We have discussed some of the difficulty in describing the orbital altitude, including variations in the elevation of the terrain, just as a plane flying over mountains and valleys does not maintain a fixed altitude. As you might expect on a world battered by more than four billion years in the main asteroid belt and with its own internal geological forces, Ceres has its ups and downs. (The topographical map above displays them, and you can see a cool animation of Ceres showing off its topography here.) In addition to local topographical features, its overall shape is not perfectly spherical, as we discussed in May. Ongoing refinements based on Dawn’s measurements now indicate the average diameter is 584 miles (940 kilometers), but the equatorial diameter is 599 miles (964 kilometers), whereas the polar diameter is 556 miles (894 kilometers). Moreover, the orbits themselves are not perfect circles, and irregularities in the gravitational field, caused by regions of lower and higher density inside the dwarf planet, tug less or more on the craft, making it move up and down somewhat. (By using that same principle, scientists learn about the interior structure of Ceres and Vesta with very accurate measurements of the subtleties in the spacecraft’s orbital motions.) Although Dawn’s average altitude will be 915 miles (1,470 kilometers), its actual distance above the ground will vary over a range of about 25 miles (40 kilometers).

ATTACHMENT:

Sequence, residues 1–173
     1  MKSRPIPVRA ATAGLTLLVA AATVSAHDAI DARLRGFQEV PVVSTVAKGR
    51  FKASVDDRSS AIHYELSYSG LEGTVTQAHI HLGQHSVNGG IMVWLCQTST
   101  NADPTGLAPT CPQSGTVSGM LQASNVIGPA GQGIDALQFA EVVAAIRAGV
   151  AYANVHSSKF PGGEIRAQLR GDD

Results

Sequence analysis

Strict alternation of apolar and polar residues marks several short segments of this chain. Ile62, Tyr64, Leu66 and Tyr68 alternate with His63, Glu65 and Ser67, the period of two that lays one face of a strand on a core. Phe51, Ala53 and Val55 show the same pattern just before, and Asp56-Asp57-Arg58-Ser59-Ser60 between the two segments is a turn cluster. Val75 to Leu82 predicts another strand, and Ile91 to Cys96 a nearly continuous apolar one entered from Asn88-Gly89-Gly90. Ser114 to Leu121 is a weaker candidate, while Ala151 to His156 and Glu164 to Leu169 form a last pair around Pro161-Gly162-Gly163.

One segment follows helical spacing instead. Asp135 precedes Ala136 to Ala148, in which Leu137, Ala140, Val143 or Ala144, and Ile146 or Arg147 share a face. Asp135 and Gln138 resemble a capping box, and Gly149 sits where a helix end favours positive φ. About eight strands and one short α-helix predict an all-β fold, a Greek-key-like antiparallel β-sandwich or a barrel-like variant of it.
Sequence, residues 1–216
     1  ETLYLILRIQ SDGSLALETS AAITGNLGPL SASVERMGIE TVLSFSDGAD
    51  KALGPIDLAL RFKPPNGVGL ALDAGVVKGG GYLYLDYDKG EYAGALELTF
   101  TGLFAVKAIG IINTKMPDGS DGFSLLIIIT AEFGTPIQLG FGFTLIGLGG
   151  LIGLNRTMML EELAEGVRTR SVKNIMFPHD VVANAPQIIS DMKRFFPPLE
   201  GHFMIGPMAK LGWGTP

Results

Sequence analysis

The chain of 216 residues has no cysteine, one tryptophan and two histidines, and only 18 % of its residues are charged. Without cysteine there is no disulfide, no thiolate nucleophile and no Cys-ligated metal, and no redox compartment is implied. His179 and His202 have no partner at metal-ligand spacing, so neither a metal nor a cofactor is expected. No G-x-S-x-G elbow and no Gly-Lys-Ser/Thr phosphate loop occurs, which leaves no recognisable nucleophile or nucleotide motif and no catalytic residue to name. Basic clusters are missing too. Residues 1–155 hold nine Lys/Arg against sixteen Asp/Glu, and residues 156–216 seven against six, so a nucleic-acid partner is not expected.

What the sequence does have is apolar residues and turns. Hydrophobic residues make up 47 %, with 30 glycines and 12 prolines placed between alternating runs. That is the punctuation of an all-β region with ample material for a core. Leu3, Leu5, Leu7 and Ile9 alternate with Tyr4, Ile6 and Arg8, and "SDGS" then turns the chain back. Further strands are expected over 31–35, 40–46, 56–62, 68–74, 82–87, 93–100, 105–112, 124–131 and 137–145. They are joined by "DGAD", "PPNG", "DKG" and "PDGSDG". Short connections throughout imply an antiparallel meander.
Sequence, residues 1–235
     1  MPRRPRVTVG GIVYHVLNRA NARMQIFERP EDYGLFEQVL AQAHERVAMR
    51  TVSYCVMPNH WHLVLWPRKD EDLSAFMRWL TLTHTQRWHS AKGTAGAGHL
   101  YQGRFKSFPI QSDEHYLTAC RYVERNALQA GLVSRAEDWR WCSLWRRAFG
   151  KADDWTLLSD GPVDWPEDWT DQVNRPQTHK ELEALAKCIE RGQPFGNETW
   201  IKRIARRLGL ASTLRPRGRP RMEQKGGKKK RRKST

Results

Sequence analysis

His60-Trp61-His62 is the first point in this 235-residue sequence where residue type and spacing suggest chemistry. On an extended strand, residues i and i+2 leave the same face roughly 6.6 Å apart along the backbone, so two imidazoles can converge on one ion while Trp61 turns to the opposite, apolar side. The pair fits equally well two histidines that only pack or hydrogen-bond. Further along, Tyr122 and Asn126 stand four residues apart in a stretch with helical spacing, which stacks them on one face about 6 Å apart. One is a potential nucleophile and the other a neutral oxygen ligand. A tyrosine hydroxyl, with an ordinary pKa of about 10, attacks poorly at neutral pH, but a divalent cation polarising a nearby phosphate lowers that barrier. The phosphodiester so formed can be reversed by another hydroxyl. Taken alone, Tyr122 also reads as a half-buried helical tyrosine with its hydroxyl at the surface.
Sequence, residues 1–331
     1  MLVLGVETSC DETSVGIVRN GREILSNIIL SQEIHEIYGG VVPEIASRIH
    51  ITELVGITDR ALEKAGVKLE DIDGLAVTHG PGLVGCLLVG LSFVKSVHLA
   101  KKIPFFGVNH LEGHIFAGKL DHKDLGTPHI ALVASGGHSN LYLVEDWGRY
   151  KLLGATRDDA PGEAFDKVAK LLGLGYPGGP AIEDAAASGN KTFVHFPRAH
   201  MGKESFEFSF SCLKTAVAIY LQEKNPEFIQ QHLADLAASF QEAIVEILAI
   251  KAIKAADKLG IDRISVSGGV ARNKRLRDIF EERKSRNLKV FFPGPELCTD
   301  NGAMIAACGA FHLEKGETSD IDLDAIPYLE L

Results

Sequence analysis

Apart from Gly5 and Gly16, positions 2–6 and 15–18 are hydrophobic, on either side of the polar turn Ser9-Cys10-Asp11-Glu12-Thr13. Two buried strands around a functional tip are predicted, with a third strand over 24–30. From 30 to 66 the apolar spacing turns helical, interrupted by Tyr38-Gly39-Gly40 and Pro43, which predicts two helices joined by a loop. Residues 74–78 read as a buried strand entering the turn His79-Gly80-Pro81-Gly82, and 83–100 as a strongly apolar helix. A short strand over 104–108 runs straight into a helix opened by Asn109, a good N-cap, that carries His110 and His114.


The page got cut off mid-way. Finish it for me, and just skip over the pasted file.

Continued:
In March we summarized the four Ceres mapping orbits along with a guarantee that the dates would change. In addition to delivering exciting interplanetary adventures to thrill anyone who has ever gazed at the night sky in wonder, Dawn delivers on its promises. Therefore, we present the updated table here. With such a long and complex mission taking place in orbit around the largest previously uncharted world in the inner solar system, further changes are highly likely. (Nevertheless, we would consider the probability to be low that changes will occur for the phases in the past.)

Table showing Dawn's activities during the various mapping orbits
Find out more about Dawn's activities during these mapping orbits: RC3, survey, HAMO, LAMO

Click on the name of each orbit for a more detailed description. As a reminder, the last column illustrates how large Ceres appears to be from Dawn’s perspective by comparing it with a view of a soccer ball. (Note that Ceres is not only 4.4 million times the diameter of a soccer ball but it is a lot more fun to play with.)